Machmallauter: Boney M

I was always a fan of of Boney M.  I had no choice really.  When I was pads brat living in Wolfenbüttel, Germany 1975-78, their music was on BFBS all the time.  Every hour.  Every day.

This was my favourite Boney M number: 137, to be exact.  Psalm 137, otherwise known as…

By the Rivers of Babylon

Have a psalmodic day, won’t you!

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Is Jeremy Corbyn anti-Semitic?

Jeremy Corbyn is the Official Leader of the Opposition in the United Kingdom.  He has a penchant for certain hats.

First of all, have a read of this article.

Is JC anti-Semitic?

You decide.  Personally, I think he is not anti-Semitic, but lacks sensitivity to realise the consequences of his actions, and needs to be careful about the company he keeps.

Have a sensitive day, won’t you!

corbynhat

 

The Fifth Commandment: Part 2

Even though I’m not Catholic, I had been feeling a bit of guilt.  I decide to phone my Mum, hoping for some sensible, intelligent, conversation that doesn’t revolve around:

  • Ex-neighbour S: hasn’t she put on loads of weight since you last saw her?
  • Relative Y‘s gynaecological problems in great, great, great.  (I’m a modern man.  I don’t blush when women talk about menstruation, the menopause, period pains, sanitary towels, etc.  I just find the topic a week bit uninteresting on a Saturday evening.  Don’t you?)
  • Braech of confidentiality about someone elses’s personal problems.
  • Who’s the next victim of the guillotine, just like the tricoteuse women, knitting away.

Conversations with my mum tend to be somewhat negative.  If you have a bonfire, she’ll empty her bladder over it.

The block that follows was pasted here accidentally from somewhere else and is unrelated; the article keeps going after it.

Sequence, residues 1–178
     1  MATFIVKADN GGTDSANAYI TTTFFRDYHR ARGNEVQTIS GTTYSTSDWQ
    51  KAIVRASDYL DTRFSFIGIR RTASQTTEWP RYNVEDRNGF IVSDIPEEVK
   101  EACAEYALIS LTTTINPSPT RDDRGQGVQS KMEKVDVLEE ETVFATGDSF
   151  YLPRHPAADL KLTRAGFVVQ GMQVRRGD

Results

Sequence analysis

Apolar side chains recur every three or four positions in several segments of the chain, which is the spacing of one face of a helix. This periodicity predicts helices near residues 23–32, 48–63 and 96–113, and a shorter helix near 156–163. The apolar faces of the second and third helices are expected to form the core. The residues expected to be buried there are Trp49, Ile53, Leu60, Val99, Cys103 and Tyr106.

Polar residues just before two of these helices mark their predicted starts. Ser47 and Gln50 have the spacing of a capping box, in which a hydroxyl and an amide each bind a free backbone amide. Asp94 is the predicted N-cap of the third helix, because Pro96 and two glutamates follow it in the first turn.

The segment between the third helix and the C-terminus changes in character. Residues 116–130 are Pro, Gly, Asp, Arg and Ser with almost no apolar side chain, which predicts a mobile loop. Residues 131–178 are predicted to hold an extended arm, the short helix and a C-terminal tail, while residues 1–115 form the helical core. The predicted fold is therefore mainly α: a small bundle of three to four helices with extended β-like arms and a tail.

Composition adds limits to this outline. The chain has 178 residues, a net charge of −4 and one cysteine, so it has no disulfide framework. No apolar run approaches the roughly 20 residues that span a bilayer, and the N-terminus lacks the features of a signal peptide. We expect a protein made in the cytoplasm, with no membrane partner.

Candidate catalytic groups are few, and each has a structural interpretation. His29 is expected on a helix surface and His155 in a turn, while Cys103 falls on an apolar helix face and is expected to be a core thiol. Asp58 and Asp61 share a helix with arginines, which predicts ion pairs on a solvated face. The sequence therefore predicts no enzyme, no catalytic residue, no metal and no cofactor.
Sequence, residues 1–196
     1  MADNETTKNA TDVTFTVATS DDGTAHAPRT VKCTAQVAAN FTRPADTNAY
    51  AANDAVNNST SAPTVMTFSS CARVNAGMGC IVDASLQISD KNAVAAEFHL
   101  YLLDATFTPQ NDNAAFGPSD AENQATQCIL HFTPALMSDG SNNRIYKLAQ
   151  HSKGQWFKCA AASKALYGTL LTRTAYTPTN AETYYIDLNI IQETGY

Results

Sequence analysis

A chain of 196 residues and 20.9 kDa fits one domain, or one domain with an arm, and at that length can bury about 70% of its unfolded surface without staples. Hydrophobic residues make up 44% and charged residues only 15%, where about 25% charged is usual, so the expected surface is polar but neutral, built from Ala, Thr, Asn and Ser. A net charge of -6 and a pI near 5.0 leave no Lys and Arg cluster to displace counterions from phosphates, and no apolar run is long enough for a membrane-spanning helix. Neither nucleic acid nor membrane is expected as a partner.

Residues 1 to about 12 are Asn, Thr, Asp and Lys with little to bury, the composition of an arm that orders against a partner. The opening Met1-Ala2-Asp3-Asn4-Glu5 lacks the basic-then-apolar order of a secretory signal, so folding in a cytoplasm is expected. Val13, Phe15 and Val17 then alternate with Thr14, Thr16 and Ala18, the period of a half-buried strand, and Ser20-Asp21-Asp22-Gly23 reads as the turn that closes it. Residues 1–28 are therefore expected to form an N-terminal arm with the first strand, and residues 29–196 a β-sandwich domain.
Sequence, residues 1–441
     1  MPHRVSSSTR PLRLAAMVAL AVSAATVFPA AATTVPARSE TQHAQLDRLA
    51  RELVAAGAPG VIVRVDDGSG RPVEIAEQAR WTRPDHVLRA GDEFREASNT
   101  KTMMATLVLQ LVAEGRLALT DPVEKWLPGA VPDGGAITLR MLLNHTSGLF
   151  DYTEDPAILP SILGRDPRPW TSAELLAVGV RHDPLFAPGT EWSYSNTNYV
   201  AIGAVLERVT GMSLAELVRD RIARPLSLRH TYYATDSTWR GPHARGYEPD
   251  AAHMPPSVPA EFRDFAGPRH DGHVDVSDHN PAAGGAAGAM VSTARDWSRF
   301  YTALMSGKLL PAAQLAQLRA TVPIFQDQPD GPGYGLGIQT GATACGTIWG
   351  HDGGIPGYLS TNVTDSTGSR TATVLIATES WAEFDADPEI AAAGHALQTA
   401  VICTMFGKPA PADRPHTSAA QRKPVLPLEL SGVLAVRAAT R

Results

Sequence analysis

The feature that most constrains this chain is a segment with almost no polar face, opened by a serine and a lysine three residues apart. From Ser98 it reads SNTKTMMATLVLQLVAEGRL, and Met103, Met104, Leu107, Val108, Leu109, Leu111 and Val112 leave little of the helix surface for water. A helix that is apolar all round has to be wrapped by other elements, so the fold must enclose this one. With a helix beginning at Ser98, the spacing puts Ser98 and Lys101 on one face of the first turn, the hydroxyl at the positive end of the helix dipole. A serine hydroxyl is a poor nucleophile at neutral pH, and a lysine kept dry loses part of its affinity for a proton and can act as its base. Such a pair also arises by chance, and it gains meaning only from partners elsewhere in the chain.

“It’s taking a while to get a new tenant in my house.”

“Maybe you shouldn’t have used that agency.”

Sadly, my sister, V, is a mini-me of my mum, only with:

  • A single-digits reading age
  • A vocabulary of swear words that would embarrass the average dock worker
  • Even less tact and emotional intelligence than her mother

Yesterday I mentioned to our mother that V had un-friended me.

Why?  What have you done?

Not, “Why?  What happened?”  An immediate accusation.

I explained:

There was a discussion about Northern Ireland.  I was asked what I knew about Northern Ireland.  I explained I had relatives who had served there in the British Army.  V leapt in with a diatribe against Dad.  I told her politely that this was not the right forum to go into family disputes when people were debating Northern Ireland.  Nobody else is interested anyway.

Cue immediate defence of V.

But your dad is an (expletive deleted).

Ginge in Germany:

But a public discussion about is not the right place to hang your dirty laundry in public.

A curt reply:

OK.

That translates as:

You are right, but I am not prepared to speak against my mini-me.

Do you not see why that is wrong?

OK.

Do you not understand?

OK.

It just doesn’t sink in.  Sometimes, frankly, I wonder if my mum has autistic tendencies due to her tactlessness and lack of empathy towards other.  In the end I give up and say that Schatz and I havae to head out now, catch you later.

Sometimes I feel like just not bothering to call her and see how long it takes for her to contact me.  Regrettably I know it’s all my fault.  I chose to be born with the wrong set of “equipment” down below.  My fault.  Hands up.  I admit it.  I am ashamed of the bad choice I made.

Honour your mother and father, yes, good idea.  But honour and respect don’t come at the drop of a hat.  Honour and respect have to be earned.

Moses

Have a commanding day, won’t you!

 

Today’s Bonus Joke

A Soviet Jew is sitting on a train, reading a book, “Beginner’s Hebrew.” Opposite him the KGB agent asks, “Hey, Jew, why are you reading this book?”

The Soviet Jew replies, “Well, if I go to heaven when I die…”

The KGB agent butts in, “And if you get sent to Hell?”

The Jew replies: “Hey, listen, comrade, Russian I already speak…”

Quiz

What is your favourite?

  • Book: 1984
  • Song: Mississippi, by Pussycat
  • Colour: Purple (it used to be jade when I was younger)
  • Holiday destination: Edale in the Peak District
  • Film: The Wicker Man, starring Edward Woodward
    • (Foreign-language film: Good Bye Lenin)
  • Idiomatic expression: “to a certain extent”